In Sullivan, the court went on to suggest content for a “model” defamation statue that would, on one hand, recognize the state’s interest in curtailing defamation, but, on the other, would be less restrictive of freedom of expression, at least as it applies to comment about public officials. It held that such a statute should not place the burden of showing the truth of a defamatory statement about a public official on the defendant commentator or media. Rather, it should require the plaintiff public figure to show that the statement was issued with malice. Malice, for purposes of such a statute, is defined as acting with the intent to harm, or with reckless abandonment as to whether the statement is true or false. The Sullivan case is highly relevant to a discussion of freedom of expression in the Inter-American system because the doctrine established in that case with respect to the permissible limits of defamation laws as they apply to suits brought by public officials in defense of their honor and reputation has been emulated in the jurisprudence of the Inter-American Human Rights Court in applying the American Human Rights Convention.
Another case worthy of mention is Cohen v. California, 403 U.S. 15 (1971). In that case, plaintiff Cohen challenged the constitutionality of a California Statute prohibiting willful disruption of the peace by “offensive misconduct” under which he had been convicted of a misdemeanor for wearing a jacket in the halls of the Court House that had the words “Fuck the Draft” stenciled on the backside. The supreme Court held that the statue, as applied to Cohen, violated Cohen’s right to freedom of expression, and vacated the conviction. Notwithstanding California’s argument that the statute limited “conduct,” not “content, the Court concluded that the statute, as so applied, restricted the content of the message Cohen intended to convey with his jacket. It then proceeded to analyze whether the State of California had shown it had a compelling state interest in punishing Cohen for the content of his message.
The court reviewed its own jurisprudence and recounted that government has a compelling state interest in protecting the public from obscenity (child pornography, for instance)and from speech which immediately gives rise to individual or group violence against human life and property. But the facts in this case, concluded the Tribunal, showed that Cohen’s jacket neither was obscene nor provoked anyone to violence. For that reason, the California could not sustain its position that it had a compelling state interest in banning Cohen’s message. The court also suggested that even if the “offensive misconduct” statute was to be viewed more as limiting the time and place where Cohen could publish his message – that is as prohibiting unsavory speech in the courthouse – it could still not be sustained. The reason was that it prohibited “offensive misconduct” in all public places in the state, not just the courthouse, and was therefore overbroad and not sufficiently tailored to achieve its objective without unduly infringing upon freedom of expression.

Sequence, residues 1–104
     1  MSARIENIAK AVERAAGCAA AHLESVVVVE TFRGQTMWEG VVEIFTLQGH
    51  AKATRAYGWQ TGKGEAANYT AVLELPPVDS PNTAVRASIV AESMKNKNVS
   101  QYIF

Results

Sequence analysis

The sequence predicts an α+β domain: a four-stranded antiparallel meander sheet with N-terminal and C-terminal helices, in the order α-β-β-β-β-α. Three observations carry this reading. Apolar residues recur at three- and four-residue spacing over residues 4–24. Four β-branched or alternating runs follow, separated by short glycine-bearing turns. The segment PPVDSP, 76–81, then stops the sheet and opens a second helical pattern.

Another significant case from the U.S Supreme Court is Barnes v. Glen Theatre, 501 U.S. 560 (1991). The plaintiff in Barnes, a striptease dancer challenged an Indiana statute which banned public nudity. She claimed that the application of the statute to shut down the place of business where she danced, the Glen Theatre, restricted her ability to express herself fully through nude dancing. The Court asked whether the law was directed at limiting the content of the plaintiff’s message or her conduct. It concluded it primarily intended to limit conduct ,and then went on to determine whether the state of Indiana had met its burden of showing that it had an important state interest. It concluded that the laws was one designed and promoting public morality and that such an interest was indeed important. As to whether the statute was sufficiently narrowly tailored to achieve the State’s interest while still allowing for a maximum of expression, the Court concluded that it was. It reached its conclusion based on the fact that the statute was “carefully tailored” to allow the persons in public to show must of their flesh, provided minimal clothing was used so as not to expose the dancer’s most intimate privates.
It becomes evident from these cases that in their adjudication of disputes involving freedom of expression, courts are called upon to balance carefully the right of freedom of expression against other significant governmental interests and citizen rights. In that balancing exercise, there is a strong bias towards freedom of expression due to the universal recognition of its vital importance to democracy. The remainder of this discussion focuses on how the balance has been achieved in the Inter-American Human Rights System and the institutions charged with achieving it.
III. LEGAL INSTRUMENTS WITHIN THE INTER-AMERICAN
HUMAN RIGHTS SYSTEM
A. The OAS Charter